How to stay connected, while keeping your distance

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Image shows woman with a laptop open in front of her, smiling and raising her hand as if greeting someone on the screen.

With the second wave of the COVID-19 pandemic well underway, we’re being asked to step up our preventative measures in order to, once again, flatten the curve. Taking care of ourselves and finding new ways to connect with others is vital for our mental health and wellbeing during this challenging time. Here are some ideas to get you started:

  • Create an online club with friends and family. Whether you all read the same book, watch the same movie, or binge the same streaming program, schedule a time each week to meet online and discuss.
  • Take part in an online exercise class. The College’s Student Life team streams weekly live workouts on their Facebook page, as do some fitness centres. You can also find many options online on sites like YouTube. Plan to exercise at the same time as a workout buddy and then “meet” online afterward for a cool down and to talk about what you loved (or didn’t love) about the workout you chose.
  • Get some face time. There are a lot of options available for video chatting including FaceTime, Skype, Microsoft Teams, Zoom, WhatsApp, Facebook and more. Choose one and “meet” your friends or family members online for a chat over a coffee, tea, happy hour, or a meal.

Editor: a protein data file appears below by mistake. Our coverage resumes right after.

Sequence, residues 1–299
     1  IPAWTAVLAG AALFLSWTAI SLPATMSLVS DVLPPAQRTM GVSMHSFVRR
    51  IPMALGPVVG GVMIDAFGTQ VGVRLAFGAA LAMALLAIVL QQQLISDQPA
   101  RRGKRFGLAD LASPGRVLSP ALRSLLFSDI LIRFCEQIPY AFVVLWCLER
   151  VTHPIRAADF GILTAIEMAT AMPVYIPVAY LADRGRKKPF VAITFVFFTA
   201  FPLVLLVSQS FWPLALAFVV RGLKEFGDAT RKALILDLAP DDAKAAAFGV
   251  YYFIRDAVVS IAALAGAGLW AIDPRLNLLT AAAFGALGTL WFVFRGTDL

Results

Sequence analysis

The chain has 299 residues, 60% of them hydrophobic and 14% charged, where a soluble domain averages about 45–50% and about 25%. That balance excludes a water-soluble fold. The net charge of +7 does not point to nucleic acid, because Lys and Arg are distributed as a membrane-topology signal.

• Cook together. Do you have a culinary dish you have mastered and a friend or family member who’d love to learn to make it? Or maybe you’re the one looking for help with holiday baking? Use a video-conferencing app to create a virtual cooking class and whip up a delicious dish or dessert together.
  • Play online games. There are lots of apps available that let you play virtual board games, word games, or complete jigsaw puzzles with others. Or organize a weekly video-conferenced group game night and find out who is the master of Pictionary or Charades.
  • The holidays are coming! Brighten someone’s day by mailing them a card, a letter, or a homemade gift. You may be surprised how this simple act of kindness can connect you with the recipient.
  • Pick up the phone. There’s value in seeing each other through video chat, but if that’s not your thing you can still connect with others by picking up the phone. Your call to a family member, friend, or neighbour might just brighten their day, as well as yours.
  • Take a virtual walk with someone. Grab your cell phone and lace up your walking shoes (or boots!) and take a stroll around the neighbourhood while catching up with a friend.

It’s important that we follow the guidelines and orders outlined by provincial and federal authorities so we can get through this second wave of the pandemic. But remaining physically distanced does not have to mean being socially isolated. While nothing will replace face-to-face time with our loved ones, by prioritizing our relationships and finding meaningful ways to connect virtually, we can help combat feelings of isolation while remaining safe and healthy.

If you are a College of the Rockies student and you’re struggling with feeling socially isolated, the College counsellor is available for virtual appointments. The Ministry of Advanced Education, Skills and Training’s Here2Talk free single-session service is available by app, phone, or online chat 24 hours a day, seven days a week. Download the Here2Talk app, visit here2talk.ca, or phone 1-877-857-3397 (direct: 604-642-5212, or outside of Canada: 1-604-642-5212).

Stay well.